Combining snow, streamflow, and precipitation gauge observations to infer basin-mean precipitation

TitleCombining snow, streamflow, and precipitation gauge observations to infer basin-mean precipitation
Publication TypeJournal Article
Year of Publication2016
AuthorsHenn B., Clark M.P, Kavetski D., McGurk B., Painter T.H, Lundquist J.D
JournalWater Resources Research
Volume52
Pagination8700-8723
Date Published2016/11
Type of ArticleArticle
ISBN Number0043-1397
Accession NumberWOS:000393318600018
Keywordsbayesian-analysis; colorado river-basin; Complex terrain; forest; input uncertainty; sierra-nevada; telemetry snotel data; temperature; united-states; water equivalent
Abstract

Precipitation data in mountain basins are typically sparse and subject to uncertainty due to difficulties in measurement and capturing spatial variability. Streamflow provides indirect information about basin-mean precipitation, but inferring precipitation from streamflow requires assumptions about hydrologic model structure that influence precipitation amounts. In this study, we test the extent to which using both snow and streamflow observations reduces differences in inferred annual total precipitation, compared to inference from streamflow alone. The case study area is the upper Tuolumne River basin in the Sierra Nevada of California, where distributed and basin-mean snow water equivalent (SWE) estimates have been made using LiDAR as part of the NASA Airborne Snow Observatory (ASO). To reconstruct basin-mean SWE for years prior to the ASO campaign, we test for a robust relationship between SWE estimates from ASO and from snow courses and pillows, which have a longer record. Relative to ASO's distributed SWE observations, point SWE measurements in this part of the Sierra Nevada tend to overestimate SWE at a given elevation, but undersample high-elevation areas. We then infer precipitation from snow and streamflow, obtained from multiple hydrologic model structures. When included in precipitation inference, snow data reduce by up to one third the standard deviations of the water year total precipitation between model structures and improve the consistency between structures in terms of the yearly variability in precipitation. We reiterate previous findings that multiple types of hydrologic data improve the consistency of modeled physical processes and help identify the most appropriate model structures.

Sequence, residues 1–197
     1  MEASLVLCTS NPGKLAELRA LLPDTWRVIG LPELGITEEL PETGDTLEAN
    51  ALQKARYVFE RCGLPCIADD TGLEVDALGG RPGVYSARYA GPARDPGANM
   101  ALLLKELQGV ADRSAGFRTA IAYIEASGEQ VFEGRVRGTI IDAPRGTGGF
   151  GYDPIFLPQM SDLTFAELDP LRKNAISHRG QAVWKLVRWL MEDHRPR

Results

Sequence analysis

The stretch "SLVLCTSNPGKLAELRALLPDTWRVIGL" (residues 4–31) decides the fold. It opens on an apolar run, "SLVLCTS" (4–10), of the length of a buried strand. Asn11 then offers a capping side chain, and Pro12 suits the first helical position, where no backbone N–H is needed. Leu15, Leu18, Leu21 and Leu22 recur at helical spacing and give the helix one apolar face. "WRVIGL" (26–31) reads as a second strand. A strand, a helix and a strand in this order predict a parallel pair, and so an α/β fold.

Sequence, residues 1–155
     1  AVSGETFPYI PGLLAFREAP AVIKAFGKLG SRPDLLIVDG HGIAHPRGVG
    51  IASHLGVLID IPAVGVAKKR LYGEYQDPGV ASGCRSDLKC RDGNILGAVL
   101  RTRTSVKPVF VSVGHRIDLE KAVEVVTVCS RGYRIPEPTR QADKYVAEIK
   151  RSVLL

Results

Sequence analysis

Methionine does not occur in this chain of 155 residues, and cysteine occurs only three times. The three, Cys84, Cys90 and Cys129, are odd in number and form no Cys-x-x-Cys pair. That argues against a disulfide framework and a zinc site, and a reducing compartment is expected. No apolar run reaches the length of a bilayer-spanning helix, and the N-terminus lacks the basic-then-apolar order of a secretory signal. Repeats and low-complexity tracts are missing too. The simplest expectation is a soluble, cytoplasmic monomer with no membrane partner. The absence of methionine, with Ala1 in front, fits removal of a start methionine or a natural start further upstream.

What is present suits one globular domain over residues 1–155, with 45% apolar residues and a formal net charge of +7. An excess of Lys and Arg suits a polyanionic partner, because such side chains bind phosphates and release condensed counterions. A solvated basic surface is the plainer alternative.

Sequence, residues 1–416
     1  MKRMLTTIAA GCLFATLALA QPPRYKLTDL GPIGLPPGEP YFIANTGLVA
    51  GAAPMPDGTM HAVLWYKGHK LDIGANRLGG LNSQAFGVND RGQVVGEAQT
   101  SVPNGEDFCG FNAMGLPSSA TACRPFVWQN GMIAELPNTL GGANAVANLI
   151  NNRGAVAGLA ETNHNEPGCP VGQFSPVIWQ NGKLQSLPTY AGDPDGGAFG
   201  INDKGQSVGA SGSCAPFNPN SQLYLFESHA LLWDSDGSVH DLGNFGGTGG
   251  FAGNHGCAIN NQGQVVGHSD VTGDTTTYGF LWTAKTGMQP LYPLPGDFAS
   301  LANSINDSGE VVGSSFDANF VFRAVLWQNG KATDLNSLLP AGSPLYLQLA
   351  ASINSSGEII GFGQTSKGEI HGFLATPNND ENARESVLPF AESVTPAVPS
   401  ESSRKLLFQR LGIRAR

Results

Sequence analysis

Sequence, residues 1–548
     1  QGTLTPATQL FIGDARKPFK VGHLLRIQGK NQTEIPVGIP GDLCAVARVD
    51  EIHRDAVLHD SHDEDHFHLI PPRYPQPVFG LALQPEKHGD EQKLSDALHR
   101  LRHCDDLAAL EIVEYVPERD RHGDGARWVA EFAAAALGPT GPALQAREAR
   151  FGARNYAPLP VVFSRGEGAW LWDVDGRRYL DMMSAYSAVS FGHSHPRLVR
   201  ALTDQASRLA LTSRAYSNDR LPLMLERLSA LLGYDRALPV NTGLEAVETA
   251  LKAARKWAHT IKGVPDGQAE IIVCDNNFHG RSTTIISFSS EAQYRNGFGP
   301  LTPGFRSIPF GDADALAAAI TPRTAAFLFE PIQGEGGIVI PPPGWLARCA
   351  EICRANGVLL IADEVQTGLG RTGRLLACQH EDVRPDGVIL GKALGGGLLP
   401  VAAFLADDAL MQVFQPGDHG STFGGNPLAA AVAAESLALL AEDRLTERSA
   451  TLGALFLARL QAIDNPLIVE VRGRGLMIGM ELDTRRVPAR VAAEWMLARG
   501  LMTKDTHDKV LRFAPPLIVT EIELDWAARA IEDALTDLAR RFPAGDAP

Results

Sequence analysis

DOI10.1002/2015wr018564
Short TitleWater Resour. Res.
Student Publication: 
No
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